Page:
Jason Bourne is easily the least impressive of the four Matt Damon-starring Bourne flicks. This slice kicks off with a disgruntled Bourne (Damon) living off the grid, after discovering the truth behind his past 9 years ago. He feels lost within our bright, shiny world. However, in this post-Snowden and post-post-privacy era, the former psychogenic, amnesiac assassin is watched by agency spooks. He is brought back into the war by former CIA operative Nicky Parsons (Julia Stiles). Parsons, after hacking into CIA secure files and stealing Black Ops secrets, uncovers new details about Bourne’s role in shady outfit Treadstone. Bourne’s latest mission leads to revelations about those chasing him and his father’s involvement.

Damon and writer/director Paul Greengrass (Supremacy and Ultimatum) refused to return unless a strong vision was presented. Bourne birthed – and continually utilises – specific plot-points, iconographic elements and character types. Each flick follows a familiar pattern – Bourne goes on the run, discovers strands of his back story, is tracked by CIA reps, defeats a shady border-hopping agent, and exposes an older agency representative as the real villain. This one is a bland, uninspired retread of the four preceding entries. The miasma of mysterious settings, Bourne’s reserved demeanour, quiet female characters and shady CIA dealings feels all too familiar. However, the introduction is still intriguing. Bourne’s one-to-four punch fighting style is glorious. Despite minimal dialogue and plot development, his first few scenes develop a fascinating character study. However, Bourne’s involvement leads to several underwhelming revelations. Like with Legacy, the questions are given silly answers.

Jason Bourne is hampered by Greengrass and co-screenwriter Christopher Rouse’s laughable depiction of the 21st century. Their vision delivers a fear-inducing, out-of-touch view of surveillance states. The CIA sequences are truly baffling. The CIA crew – led by CIA Director Robert Dewey (Tommy Lee Jones), cyber head Heather Lee (Alicia Vikander), and an asset (Vincent Cassel) – look at a screen, perform Machiavellian feats with GPS/identification technology and become hyper-aware. Their God-like powers continually lower the stakes. Whereas previous entries created enthralling cat-and-mouse missions grounded in reality, this one is stranded in a sci-fi realm. The social-media subplot, featuring app-founder Aaron Kalloor’s dealings with the CIA, is given little development. Like the other entries, the action is top-notch. Two set pieces – the bike chase through Syntagma Square and the car chase/fist fight in Las Vegas – deliver Greengrass’ enthralling quick cut-shaky cam style.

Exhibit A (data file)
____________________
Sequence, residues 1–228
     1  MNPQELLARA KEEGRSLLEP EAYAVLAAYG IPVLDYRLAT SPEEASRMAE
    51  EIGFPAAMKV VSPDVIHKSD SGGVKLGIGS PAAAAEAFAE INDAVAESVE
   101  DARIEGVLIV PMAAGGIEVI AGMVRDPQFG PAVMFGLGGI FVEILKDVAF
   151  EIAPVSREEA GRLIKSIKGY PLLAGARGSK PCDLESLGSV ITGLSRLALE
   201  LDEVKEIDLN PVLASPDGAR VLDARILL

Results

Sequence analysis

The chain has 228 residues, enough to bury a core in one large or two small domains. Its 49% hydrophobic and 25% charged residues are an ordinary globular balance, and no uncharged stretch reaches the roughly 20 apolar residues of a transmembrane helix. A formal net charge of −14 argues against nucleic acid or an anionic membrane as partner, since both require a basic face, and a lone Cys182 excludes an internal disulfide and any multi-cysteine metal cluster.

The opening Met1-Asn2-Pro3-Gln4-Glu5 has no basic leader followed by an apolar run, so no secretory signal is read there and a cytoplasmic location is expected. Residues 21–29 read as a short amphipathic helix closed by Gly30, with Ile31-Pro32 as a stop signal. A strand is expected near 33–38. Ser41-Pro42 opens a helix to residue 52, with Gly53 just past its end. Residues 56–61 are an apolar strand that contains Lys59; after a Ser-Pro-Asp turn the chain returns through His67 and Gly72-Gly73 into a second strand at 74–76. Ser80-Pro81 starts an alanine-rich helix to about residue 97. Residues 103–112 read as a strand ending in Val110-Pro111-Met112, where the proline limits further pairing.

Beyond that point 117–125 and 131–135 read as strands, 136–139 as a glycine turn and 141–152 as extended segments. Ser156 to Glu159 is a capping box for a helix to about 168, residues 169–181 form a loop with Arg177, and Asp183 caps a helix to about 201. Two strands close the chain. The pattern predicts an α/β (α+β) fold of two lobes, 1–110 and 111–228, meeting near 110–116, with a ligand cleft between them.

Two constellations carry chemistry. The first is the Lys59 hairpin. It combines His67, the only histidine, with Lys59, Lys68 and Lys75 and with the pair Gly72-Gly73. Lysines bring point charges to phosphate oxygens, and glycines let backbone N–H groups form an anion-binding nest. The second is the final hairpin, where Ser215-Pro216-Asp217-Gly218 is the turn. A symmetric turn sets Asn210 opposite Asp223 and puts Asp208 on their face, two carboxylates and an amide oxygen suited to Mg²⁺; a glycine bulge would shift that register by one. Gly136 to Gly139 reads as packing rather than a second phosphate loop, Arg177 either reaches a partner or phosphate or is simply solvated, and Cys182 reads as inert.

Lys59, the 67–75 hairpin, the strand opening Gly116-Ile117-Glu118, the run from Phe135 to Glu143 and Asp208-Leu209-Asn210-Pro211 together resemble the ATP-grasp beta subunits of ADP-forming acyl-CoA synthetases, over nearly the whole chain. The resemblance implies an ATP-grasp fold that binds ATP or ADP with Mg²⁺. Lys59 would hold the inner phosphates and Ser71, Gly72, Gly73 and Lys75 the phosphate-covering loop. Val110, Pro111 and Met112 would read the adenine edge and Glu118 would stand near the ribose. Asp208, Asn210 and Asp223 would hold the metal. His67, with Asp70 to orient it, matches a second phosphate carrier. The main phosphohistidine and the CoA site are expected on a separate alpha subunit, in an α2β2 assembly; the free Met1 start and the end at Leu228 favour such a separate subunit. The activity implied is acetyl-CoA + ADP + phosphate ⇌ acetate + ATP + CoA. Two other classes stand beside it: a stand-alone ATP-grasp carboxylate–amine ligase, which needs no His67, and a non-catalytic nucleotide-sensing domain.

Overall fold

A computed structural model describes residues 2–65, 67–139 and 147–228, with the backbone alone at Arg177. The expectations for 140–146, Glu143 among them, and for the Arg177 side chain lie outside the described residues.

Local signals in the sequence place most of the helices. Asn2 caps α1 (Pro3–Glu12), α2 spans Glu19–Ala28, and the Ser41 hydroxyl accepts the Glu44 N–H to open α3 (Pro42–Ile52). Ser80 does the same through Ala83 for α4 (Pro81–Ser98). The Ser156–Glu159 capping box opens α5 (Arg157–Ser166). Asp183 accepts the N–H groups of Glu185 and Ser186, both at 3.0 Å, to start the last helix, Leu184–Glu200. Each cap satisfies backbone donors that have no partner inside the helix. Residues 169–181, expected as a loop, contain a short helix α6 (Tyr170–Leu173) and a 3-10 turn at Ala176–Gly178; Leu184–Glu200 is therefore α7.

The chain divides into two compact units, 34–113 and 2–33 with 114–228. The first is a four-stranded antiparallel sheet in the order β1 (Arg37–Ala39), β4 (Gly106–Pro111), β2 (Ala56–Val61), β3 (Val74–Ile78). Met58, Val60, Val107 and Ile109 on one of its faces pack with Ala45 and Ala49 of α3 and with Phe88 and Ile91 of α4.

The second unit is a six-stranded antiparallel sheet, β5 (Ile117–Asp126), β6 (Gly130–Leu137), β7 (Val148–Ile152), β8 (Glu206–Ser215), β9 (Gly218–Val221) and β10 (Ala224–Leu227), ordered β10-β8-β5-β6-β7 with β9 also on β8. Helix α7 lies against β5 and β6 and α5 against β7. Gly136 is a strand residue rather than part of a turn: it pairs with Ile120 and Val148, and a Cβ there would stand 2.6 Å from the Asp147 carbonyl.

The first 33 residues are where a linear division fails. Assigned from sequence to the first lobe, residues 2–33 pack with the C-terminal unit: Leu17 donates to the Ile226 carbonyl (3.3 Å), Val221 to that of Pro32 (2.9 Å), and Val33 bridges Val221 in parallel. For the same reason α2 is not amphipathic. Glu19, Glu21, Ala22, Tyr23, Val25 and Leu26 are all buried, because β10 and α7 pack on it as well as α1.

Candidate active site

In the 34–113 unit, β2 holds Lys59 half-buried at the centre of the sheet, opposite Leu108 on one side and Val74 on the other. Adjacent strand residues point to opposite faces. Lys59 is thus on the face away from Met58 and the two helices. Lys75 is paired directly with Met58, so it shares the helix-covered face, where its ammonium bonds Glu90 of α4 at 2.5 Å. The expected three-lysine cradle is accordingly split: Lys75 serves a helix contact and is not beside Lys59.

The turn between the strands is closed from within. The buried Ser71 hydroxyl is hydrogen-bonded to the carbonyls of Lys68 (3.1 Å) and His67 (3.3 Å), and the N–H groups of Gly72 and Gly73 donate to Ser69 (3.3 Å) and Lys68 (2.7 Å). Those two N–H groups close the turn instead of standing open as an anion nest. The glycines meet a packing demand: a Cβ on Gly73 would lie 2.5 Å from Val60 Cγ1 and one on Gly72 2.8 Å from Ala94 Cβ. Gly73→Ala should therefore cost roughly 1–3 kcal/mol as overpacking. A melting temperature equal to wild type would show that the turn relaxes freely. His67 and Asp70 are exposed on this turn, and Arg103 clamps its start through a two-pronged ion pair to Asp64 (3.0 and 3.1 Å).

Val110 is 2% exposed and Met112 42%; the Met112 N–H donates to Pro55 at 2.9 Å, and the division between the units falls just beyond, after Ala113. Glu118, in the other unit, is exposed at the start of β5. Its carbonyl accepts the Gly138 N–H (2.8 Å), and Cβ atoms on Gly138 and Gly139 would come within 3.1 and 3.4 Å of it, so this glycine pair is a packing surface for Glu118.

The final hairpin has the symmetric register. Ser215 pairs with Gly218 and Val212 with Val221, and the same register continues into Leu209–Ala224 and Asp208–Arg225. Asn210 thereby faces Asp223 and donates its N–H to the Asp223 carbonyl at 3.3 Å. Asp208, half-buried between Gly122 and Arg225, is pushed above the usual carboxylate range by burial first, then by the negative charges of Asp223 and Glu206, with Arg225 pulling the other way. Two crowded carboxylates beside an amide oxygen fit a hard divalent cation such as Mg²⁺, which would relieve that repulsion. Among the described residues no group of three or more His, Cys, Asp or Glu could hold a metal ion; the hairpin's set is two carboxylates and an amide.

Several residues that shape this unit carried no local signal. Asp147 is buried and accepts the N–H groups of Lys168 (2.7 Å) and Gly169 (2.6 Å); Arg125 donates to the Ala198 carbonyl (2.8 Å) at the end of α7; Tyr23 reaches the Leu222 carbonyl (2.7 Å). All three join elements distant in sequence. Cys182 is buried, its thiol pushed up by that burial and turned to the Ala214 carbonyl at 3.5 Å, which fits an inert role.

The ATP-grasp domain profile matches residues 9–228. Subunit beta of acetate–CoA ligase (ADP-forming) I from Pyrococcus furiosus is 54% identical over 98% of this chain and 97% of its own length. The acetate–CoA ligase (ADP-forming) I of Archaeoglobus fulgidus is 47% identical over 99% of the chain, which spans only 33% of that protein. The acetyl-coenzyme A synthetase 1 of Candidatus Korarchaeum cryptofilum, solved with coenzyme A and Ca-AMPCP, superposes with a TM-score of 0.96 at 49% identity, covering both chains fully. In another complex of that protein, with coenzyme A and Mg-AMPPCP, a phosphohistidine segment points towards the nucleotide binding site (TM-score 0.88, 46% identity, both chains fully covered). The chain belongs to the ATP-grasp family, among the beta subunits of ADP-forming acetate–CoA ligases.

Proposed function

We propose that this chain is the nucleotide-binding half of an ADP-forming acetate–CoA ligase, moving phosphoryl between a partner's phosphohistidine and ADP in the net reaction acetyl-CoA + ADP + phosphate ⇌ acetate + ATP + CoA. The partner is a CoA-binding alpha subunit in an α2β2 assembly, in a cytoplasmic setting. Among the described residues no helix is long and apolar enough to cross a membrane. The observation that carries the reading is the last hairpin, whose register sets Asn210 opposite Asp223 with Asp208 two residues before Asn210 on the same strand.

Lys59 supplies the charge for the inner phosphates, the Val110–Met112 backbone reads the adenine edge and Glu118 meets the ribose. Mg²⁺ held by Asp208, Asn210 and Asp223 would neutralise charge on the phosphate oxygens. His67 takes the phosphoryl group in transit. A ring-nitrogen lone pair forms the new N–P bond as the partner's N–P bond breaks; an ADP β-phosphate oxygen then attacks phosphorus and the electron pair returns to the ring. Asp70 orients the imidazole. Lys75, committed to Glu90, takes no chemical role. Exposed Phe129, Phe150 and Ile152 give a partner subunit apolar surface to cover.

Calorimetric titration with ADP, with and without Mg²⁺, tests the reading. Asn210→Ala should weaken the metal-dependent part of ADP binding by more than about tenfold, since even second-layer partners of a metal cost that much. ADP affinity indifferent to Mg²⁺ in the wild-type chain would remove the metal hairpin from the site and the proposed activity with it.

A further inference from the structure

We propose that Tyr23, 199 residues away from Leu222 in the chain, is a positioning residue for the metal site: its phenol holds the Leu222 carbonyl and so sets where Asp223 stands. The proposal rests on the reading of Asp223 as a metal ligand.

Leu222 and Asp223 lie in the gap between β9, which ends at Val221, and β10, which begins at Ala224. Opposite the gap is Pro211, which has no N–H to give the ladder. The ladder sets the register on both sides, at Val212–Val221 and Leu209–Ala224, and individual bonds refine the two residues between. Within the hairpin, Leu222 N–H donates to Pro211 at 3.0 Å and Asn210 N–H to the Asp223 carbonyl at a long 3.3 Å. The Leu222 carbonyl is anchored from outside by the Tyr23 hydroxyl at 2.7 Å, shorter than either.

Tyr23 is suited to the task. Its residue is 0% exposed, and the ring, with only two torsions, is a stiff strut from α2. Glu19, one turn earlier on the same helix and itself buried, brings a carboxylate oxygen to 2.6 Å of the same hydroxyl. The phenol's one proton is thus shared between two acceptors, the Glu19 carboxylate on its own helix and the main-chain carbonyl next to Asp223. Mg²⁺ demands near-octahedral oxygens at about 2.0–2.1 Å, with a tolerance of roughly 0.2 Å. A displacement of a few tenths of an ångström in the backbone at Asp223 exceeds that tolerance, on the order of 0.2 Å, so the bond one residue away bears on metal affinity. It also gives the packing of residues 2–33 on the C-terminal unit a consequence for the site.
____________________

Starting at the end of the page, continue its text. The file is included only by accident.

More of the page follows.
Despite glorious action sequences and locations, Jason Bourne turns a tried-and-true formula into bland mush. Damon and Greengrass coast on goodwill, leaving the remaining cast and crew in the dust. This installment, like its lead character, resembles a tired, haggard and pale shadow of its former self.

Verdict: A disappointing installment.

Cinema Release Round-Up: Carol & The Danish Girl


Director: Todd Haynes

Writer: Phyllis Nagy (screenplay), Patricia Highsmith (novel)

Stars: Cate Blanchett, Rooney Mara, Sarah Paulson, Kyle Chandler

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Release date: January 14th, 2016

Distributors: The Weinstein Company, StudioCanal

Country: USA, UK 

Running time: 118 minutes


4/5

Romantic-drama Carol is one of the biggest Oscar contenders of 2015. From the outset, the movie packs a significant punch – featuring a socio-political/forever taboo topic, a stacked cast, and talented director. It fits the definition of a critical darling – resembling the type of drama people shower with praise during Oscar season.

Thankfully, with Carol, the wave of positive feedback and awards is warranted – benefitting the aforementioned pedigree, subject matter, and alluring narrative. The story is set in the 1950s New York City, illuminating the last era of formality and normality in US history. Aspiring photographer Therese Belivet (Rooney Mara) is struggling to be enthusiastic about her life. Working at a high-end department store, she instantly connects with single mother Carol Aird (Cate Blanchett).

The narrative, similarly to similar LGBT-related dramas/love stories (Brokeback Mountain), revolves around a touching, slow-build romance between polar opposites. Based on Patricia Highsmith’s novel The Price of Salt, the film illuminates the original text’s fascination with 50s-era existence. Thanks to Phyllis Nagy’s screenplay, the film relates issues of yesterday to today’s socio-political climate. Without overstating its welcome, the film makes for a startling reminder of society’s unease and disdain.